Julia Elliot Brown: Fundraising for female entrepreneurs
Julia Elliott Brown decided to share her fundraising experience with other female-led high growth potential start-ups. Julia explains what she looks for in a business and the attributes people need to succeed.
Having successfully raised several rounds of equity finance for her own entrepreneurial business, Julia Elliott Brown decided to share her fundraising experience with other female-led high growth potential start-ups. Julia explains what she looks for in a business and the attributes people need to succeed.
Where did the idea for Enter the Arena come from?
Enter the Arena is all about helping female entrepreneurs to raise equity finance.
The idea came from my own start-up business experiences. My last business was called Upper Street, where women could design their own shoes, which I started in 2010 and ran for six successful years. Along the way, I sought finance from a number of different classic sources: we put money in ourselves, money from friends and family, from angels, from the bank, from VCs and from crowdfunding. This experience made me pretty good at raising finance.
It wasn’t easy, though, and I made a lot of mistakes along the way. When I was raising finance I felt very alone. I sought advice from others, researched online and went to workshops. There were advisers around who specialised in particular parts of raising finance, for example producing financial models and making introductions to investors, but I found that those advisors I came across had never been entrepreneurs themselves, didn’t know what it really felt like to be in my shoes and also couldn’t help me with the whole holistic approach of raising finance.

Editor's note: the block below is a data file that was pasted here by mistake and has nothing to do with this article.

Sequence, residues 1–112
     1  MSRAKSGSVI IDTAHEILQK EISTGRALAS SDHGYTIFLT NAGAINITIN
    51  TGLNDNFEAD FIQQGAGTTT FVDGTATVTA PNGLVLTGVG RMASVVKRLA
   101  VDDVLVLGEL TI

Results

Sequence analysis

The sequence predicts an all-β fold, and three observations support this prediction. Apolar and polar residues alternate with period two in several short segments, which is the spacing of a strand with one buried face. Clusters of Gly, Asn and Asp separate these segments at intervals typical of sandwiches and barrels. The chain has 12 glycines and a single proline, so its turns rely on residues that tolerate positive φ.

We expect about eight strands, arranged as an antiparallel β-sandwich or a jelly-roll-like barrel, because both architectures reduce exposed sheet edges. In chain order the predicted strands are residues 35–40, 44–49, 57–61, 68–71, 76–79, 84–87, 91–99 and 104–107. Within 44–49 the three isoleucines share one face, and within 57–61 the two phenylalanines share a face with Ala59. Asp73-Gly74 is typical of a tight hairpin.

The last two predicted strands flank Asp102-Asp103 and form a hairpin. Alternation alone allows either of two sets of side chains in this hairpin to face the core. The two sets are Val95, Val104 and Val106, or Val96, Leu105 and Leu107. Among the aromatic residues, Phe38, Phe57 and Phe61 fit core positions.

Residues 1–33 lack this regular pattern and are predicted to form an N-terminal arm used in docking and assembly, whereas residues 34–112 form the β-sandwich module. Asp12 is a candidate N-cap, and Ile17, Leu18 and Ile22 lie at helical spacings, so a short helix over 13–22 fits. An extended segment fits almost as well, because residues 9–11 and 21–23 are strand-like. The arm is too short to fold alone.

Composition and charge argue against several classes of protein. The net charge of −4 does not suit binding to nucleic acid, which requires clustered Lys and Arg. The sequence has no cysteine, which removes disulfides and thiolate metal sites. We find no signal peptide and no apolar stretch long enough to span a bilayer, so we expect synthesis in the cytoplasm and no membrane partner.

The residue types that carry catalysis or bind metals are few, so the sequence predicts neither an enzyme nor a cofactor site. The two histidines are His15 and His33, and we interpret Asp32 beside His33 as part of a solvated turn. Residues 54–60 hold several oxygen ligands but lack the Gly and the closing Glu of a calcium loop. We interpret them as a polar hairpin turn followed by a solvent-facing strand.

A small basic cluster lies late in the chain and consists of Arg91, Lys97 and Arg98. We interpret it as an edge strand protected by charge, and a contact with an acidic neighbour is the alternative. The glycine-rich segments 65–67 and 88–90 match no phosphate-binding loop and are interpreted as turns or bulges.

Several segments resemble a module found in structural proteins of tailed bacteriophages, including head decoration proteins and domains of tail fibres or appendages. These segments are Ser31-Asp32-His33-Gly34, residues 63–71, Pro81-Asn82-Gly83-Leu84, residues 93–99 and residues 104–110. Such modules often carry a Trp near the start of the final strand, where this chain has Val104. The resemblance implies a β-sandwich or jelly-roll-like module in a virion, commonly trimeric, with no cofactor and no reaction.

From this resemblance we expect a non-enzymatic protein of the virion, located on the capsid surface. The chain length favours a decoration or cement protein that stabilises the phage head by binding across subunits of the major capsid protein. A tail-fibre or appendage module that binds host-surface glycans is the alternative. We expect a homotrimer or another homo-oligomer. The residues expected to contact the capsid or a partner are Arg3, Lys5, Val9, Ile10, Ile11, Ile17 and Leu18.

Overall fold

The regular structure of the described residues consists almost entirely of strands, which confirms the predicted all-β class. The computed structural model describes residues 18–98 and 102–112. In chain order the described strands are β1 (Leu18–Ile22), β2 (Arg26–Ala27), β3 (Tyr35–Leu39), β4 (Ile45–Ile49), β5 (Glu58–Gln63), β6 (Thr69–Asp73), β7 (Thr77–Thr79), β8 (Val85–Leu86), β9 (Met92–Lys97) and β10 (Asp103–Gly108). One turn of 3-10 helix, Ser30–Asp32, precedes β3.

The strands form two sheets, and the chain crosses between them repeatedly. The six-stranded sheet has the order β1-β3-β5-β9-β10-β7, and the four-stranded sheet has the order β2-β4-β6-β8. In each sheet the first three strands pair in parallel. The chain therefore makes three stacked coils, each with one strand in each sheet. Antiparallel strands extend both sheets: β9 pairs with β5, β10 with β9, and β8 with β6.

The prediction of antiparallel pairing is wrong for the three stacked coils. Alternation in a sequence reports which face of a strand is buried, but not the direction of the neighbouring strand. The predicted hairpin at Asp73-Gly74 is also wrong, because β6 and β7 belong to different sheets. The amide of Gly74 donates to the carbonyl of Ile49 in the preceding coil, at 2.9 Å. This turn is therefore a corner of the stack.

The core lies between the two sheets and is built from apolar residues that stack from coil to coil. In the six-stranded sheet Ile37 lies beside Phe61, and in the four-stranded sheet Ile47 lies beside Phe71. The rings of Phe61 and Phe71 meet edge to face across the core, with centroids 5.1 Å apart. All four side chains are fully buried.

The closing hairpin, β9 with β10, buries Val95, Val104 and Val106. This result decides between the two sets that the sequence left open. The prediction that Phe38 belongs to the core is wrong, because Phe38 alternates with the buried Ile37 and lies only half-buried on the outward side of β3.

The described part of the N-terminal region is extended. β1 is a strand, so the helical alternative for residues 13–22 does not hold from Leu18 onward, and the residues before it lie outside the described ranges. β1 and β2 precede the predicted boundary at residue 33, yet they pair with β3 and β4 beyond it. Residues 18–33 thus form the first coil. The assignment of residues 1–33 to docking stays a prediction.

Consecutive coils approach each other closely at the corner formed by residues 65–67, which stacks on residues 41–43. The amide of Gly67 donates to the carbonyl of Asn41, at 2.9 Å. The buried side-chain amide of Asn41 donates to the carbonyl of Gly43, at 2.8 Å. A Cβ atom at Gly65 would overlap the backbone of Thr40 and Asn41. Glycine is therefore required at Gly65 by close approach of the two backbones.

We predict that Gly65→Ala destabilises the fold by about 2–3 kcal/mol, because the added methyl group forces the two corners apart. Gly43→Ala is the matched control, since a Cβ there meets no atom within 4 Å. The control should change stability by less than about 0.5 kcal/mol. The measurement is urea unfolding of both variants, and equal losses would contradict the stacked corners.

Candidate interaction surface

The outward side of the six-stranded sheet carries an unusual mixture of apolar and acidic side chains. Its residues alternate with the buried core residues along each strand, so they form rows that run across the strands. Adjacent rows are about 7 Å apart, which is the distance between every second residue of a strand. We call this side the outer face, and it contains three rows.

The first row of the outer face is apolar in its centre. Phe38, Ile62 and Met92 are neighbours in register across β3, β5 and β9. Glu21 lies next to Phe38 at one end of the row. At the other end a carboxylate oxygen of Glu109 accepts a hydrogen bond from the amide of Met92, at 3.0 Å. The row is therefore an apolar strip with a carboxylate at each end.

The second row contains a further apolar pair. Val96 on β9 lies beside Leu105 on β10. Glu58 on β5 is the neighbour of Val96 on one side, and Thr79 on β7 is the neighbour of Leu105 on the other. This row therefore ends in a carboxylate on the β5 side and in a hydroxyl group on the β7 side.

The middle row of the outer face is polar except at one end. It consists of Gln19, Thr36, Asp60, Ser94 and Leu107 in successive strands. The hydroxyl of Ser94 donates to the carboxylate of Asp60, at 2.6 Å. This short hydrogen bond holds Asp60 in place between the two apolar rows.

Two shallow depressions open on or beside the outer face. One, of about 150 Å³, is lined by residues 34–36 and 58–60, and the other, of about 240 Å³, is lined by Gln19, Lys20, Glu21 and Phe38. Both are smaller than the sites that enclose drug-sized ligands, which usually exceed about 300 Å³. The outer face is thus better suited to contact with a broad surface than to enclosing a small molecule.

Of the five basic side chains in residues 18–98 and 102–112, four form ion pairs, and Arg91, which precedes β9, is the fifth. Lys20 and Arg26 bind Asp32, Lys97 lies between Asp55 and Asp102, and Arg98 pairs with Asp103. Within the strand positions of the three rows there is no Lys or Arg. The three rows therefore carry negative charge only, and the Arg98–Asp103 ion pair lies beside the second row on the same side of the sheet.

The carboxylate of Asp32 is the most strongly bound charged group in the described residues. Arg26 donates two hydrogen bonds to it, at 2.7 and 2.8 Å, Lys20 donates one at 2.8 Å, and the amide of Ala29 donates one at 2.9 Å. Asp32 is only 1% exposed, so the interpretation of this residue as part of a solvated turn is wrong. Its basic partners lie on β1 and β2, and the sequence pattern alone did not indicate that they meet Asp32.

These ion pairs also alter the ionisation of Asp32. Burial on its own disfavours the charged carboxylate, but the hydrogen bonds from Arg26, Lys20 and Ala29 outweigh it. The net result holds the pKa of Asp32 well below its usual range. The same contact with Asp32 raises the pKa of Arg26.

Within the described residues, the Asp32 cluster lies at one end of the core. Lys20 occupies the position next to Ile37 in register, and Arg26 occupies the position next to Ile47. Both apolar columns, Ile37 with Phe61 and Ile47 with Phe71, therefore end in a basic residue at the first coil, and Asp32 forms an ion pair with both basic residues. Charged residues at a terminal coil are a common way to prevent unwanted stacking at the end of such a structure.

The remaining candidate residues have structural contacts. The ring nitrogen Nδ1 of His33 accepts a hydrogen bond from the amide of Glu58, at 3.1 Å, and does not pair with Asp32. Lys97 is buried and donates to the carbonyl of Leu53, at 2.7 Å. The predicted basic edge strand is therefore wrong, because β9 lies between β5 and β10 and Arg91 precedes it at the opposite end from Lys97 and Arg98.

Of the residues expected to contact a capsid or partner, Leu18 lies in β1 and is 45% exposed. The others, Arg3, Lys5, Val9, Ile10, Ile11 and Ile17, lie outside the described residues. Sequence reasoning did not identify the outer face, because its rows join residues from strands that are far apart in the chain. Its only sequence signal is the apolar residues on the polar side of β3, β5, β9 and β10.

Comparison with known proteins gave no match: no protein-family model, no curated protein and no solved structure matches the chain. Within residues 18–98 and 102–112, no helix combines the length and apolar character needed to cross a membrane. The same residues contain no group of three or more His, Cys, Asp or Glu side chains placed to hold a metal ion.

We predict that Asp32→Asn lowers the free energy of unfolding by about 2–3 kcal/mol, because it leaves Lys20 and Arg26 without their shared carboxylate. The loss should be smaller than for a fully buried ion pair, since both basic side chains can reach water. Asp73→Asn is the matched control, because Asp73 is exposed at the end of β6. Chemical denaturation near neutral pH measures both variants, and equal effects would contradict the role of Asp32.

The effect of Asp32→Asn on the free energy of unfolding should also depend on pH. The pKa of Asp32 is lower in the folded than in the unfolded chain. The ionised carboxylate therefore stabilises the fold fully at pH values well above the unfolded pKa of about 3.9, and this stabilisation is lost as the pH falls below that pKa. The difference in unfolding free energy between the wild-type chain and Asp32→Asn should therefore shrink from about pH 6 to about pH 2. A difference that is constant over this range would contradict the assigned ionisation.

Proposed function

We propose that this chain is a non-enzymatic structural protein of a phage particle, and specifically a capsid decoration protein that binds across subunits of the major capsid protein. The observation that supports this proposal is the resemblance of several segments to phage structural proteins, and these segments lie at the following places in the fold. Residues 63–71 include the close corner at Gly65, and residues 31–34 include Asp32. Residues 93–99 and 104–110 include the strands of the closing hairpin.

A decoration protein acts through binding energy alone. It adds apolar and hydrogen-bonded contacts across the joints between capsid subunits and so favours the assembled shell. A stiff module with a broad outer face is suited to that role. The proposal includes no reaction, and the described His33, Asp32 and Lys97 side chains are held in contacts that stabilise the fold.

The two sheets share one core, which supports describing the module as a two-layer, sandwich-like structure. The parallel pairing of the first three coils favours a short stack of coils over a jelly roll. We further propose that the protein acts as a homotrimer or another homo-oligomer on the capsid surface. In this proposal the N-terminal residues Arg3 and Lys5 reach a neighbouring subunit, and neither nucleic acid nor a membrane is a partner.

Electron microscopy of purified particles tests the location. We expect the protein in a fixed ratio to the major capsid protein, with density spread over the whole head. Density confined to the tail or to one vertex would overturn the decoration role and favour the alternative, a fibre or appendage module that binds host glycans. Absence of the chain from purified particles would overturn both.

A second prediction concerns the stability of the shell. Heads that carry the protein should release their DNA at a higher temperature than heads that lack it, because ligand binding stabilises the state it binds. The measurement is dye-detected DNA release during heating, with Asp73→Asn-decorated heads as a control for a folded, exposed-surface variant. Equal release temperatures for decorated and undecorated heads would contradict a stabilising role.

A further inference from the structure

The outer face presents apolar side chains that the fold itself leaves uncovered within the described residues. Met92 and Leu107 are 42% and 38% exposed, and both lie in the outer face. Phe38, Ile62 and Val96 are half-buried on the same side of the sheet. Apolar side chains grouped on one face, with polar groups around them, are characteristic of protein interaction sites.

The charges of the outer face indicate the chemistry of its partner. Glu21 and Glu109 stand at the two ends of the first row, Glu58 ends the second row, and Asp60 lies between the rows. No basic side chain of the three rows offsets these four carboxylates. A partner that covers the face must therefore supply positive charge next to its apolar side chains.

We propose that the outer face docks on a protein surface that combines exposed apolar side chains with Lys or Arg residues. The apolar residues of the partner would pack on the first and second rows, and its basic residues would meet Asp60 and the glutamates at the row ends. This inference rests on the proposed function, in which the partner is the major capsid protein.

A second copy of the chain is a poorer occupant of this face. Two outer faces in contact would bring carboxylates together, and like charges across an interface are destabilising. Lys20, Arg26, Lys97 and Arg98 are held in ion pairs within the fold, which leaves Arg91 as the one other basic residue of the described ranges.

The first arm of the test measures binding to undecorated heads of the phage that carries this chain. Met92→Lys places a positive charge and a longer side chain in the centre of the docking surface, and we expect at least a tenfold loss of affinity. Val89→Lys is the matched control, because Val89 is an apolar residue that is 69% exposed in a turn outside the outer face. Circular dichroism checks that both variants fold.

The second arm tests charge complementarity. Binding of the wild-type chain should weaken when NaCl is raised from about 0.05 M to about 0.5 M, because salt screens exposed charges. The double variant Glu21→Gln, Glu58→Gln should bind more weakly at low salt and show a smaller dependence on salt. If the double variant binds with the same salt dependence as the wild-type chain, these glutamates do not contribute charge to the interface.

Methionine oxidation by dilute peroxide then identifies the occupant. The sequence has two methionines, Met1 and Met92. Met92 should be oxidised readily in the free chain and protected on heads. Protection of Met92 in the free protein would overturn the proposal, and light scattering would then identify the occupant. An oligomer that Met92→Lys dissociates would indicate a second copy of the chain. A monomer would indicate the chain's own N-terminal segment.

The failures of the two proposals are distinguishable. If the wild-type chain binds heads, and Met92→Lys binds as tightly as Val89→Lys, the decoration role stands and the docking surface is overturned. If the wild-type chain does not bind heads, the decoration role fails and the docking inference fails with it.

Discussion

I felt that there was no-one looking out for my interests or guiding me through the process.
I found my own way and, in the end, I was successful, through a lot of hard work, blood, sweat and tears! Following my success, I was always happy to have a coffee or lunch with other entrepreneurs who were starting out on the fundraising path, to give them the best chance of success, as I could see they were crying out for help. But initially, this was just something I did on the sidelines.
Roll forward a few years and, by the end of 2015, we sadly decided to close the doors on Upper Street as the business was struggling to get out of its successful niche and achieve material growth in the mainstream. At this point, I knew that I wanted to stay working in the start-up industry and felt that there was a real opportunity to provide the kind of fundraising support I wish I’d always had to other entrepreneurs. To be firmly on their side and help them navigate their way through the process - which is where Enter the Arena came from.
How does Enter the Arena work in practice?
Effective coaching is never just about helping someone with the fundraising process alone. It’s much broader than that: you need to understand a business, taking them from early stage through to growth, as well as working with them on the critical fundraising strategy and skills that the entrepreneur needs.
When I look at a business, I’m making a million different small decisions about whether an idea has legs:
- Are they proving traction? That proves that there’s a problem that they can solve effectively.
- Is there potential to scale significantly? Without that, the business won’t attract investors.
- Is there going to be a route to exit? There’s no point trying to raise equity if the owner won’t want to exit or there isn’t a strong route.
People are much more important to me than the business. I look for three things: